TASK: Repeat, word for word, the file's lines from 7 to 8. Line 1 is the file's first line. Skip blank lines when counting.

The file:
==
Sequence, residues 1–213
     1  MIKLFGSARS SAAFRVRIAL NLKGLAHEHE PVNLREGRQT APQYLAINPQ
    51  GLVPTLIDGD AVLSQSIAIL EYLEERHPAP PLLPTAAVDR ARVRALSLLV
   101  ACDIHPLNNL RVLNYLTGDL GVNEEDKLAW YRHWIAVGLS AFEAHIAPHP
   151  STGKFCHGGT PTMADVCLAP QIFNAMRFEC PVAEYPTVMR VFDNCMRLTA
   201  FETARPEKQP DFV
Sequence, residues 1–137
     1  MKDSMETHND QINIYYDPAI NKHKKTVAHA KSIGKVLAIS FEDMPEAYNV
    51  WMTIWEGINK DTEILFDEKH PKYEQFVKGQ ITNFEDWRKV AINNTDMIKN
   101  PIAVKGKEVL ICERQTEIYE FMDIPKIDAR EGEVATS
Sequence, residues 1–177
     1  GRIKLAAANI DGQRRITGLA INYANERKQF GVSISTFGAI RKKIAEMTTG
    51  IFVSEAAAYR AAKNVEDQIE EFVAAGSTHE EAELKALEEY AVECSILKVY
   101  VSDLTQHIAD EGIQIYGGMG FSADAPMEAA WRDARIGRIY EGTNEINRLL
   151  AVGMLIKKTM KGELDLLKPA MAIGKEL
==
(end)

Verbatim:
Sequence, residues 1–137
     1  MKDSMETHND QINIYYDPAI NKHKKTVAHA KSIGKVLAIS FEDMPEAYNV